Hard work and talent helps youth with dwarfism go from ITE to polytechnic

Abandoned by his father, and made fun of in school, Mr Muhammad Diroy Noordin never had it easy. The 22-year-old, who like his mother has dwarfism, sometimes wondered why he was not born ''normal''.

With few friends, art became his source of expression.

Now that passion has helped see him through Temasek Polytechnic (TP), from which he will soon graduate with a diploma in visual communications. Yesterday, he was one of three recipients of the Youth Aspiration Award from the SPD, an organisation which represents Singapore's disabled.

Also honoured were 15-year-old Gregory Ong, who did not let cerebral palsy stop him from dreaming of representing the nation at the Paralympics, and Mr Sim Yu X i a n g , 2 0 , a first-year National University of Singapore sociology student who has Duchenne muscular dystrophy, a muscle degeneration illness.

Mr Sim is passionate about singing and his videos are on YouTube.

They received $5,000 each to help them pursue their talents.

Mr Diroy is the youngest of three children. His parents divorced when he was in secondary school. His mother had to bring up the family on a cleaner's salary. His older brother and sister, who do not have dwarfism, have since moved out.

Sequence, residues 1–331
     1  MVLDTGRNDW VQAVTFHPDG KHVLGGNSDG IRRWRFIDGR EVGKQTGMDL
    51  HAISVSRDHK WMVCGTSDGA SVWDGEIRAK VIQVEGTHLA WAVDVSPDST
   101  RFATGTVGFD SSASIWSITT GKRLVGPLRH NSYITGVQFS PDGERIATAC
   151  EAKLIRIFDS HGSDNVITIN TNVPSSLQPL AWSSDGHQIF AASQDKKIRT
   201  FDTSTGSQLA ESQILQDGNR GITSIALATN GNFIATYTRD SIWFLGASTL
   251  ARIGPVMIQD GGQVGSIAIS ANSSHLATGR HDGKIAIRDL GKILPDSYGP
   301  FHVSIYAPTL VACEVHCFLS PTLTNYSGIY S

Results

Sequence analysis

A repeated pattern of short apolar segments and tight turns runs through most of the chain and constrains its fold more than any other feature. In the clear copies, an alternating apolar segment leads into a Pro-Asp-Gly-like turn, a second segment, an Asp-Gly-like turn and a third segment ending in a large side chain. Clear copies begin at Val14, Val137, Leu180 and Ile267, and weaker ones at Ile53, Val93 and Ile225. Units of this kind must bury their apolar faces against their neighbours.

In primary school, his classmates would ask why he was born that way. ''I didn't know the answer,'' he said. ''I thought, 'Why can't I just be taller?' ''

Studies were also a struggle because of family difficulties. ''In primary school when I knew I was going to fail in English, I would draw sad faces on the exam paper,'' he said.

The Normal (Technical) student joined the art club in secondary school, designing logos and posters for events. He picked up photoshop skills in Secondary 4.

He went on to study interactive media design at the Institute of Technical Education, before joining Temasek Polytechnic in 2011.

''TP is my dream school, even though I have to take three buses to get there,'' said Mr Diroy, who lives in a two-room Sengkang flat.

''School is still quite tough, especially when I have to give presentations, because I'm not confident.

But now, when some people still ask about my condition, I don't mind so much because they are only concerned.''

He wants to use his $5,000 for a new laptop and graphic design software.

Mr Sim, who plans to use the money for singing lessons, paid tribute to his mother, Madam Janet Woo, a housewife. ''She is my greatest support because she helps me every day, from taking me to school to showering me.''

At yesterday's event at Safra Jurong, the SPD also gave out $35,700 in bursaries to 73 lowincome students with disabilities and those whose parents have disabilities.

Senior Parliamentary Secretary for Education and Manpower Hawazi Daipi, who gave out the Youth Aspiration awards, said the Government has been providing more training for special education teachers and expanding the capacity of special education schools to help those with special needs.

But it was also valuable when the community came together to ''build an inclusive society where persons with disabilities are recognised and empowered'', he said.


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